Where to begin...
Lets us discuss adhesives, it is vital to use the appropriate adhesive to suit the product you wish to hang, incorrect adhesives will guarantee poor results, mould growth and/or discolouration of the wallpaper.
Cellulose-based adhesive is used for all standard wallpapers, includes heavy-duty which relates to the weight of the wallpaper being hung. Heavy duty pastes are for heavyweight wallpapers and temperature/humidity variable spaces such as kitchens or bathrooms. Our brands of paste are suitable for all types of wallcoverings, see reverse of packaging indicating the ratio of paste to water. As vinyl and washable wallcoverings are impervious, mould could attack the paste unless it contains fungicide. Fungicidal paste is also needed if the wall you are decorating has been previously treated against mould or if any sign of damp can be seen. Damp proof foil could be of used if their is a minor damp issue, the appropriate adhesive must be used.
Some super-heavyweight wallpapers and wallcoverings such as polystyrene veneers, hessians and grasscloths require an especially concentrated adhesive which may be applied to the product itself or directly on to the wall (always follow manufacturers instructions). When finishing off corners, overlapping vinyl\'s and washable wallcoverings or sticking down stubborn joints, a vinyl-to-vinyl adhesive is ideal (sometimes referred to as border and overlap adhesive), it is also available in tubes for ease of application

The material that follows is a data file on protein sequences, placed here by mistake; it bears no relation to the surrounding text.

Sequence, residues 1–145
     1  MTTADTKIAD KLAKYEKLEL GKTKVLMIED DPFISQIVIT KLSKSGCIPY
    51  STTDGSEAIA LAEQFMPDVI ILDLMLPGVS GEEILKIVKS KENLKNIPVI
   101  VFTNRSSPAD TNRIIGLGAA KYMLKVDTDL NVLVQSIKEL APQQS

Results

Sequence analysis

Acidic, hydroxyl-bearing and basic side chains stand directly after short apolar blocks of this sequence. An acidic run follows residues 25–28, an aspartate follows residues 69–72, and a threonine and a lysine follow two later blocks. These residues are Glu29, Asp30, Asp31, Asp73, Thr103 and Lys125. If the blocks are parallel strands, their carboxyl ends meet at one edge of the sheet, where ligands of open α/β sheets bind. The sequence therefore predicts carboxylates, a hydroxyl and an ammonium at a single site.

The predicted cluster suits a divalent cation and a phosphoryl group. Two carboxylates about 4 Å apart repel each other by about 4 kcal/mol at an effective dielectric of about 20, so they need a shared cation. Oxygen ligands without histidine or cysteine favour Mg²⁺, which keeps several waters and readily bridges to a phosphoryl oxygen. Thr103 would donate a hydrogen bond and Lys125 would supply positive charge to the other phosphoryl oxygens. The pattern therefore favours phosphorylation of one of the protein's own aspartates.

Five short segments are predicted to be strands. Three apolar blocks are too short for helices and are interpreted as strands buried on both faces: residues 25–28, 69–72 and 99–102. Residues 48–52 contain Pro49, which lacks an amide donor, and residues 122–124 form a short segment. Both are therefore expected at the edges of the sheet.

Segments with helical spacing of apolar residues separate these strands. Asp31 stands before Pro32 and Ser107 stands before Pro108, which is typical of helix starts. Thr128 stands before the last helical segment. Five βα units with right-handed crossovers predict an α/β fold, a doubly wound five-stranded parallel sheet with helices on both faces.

Size is used to prepare plaster and porous surfaces, it prevent the paste soaking into the walls and helps the wallpaper to slide into place easier. When buying a size, ensure it contains a fungicide if you also require a paste with fungicide. Apply with an brush and use a damp cloth to remove any runs onto paintwork as this can be difficult once the size has dried. Sizing can be done several days in advance or up to an hour before.
Where to begin wallpapering, traditionally it is recommended to start next to a window and work away from it, however this method was really used when wallpaper was overlapped so shadows were minimised. Now wallpapers are butt joined the light isn\'t generally an issue, but as the pattern may be lost around corners you can make this as inconspicuous as possible.
In the average room, the corner closest to the door is the best place to start work, any loss of pattern will then end up behind you as you enter the room, nicely hidden. With a feature wall, if there is a chimney breast, hang the first strip down the centre of the chimney and work out from both sides towards the corners of the room.
Check out our next post, we will be concentrating on measuring and cutting, also pasting perfection!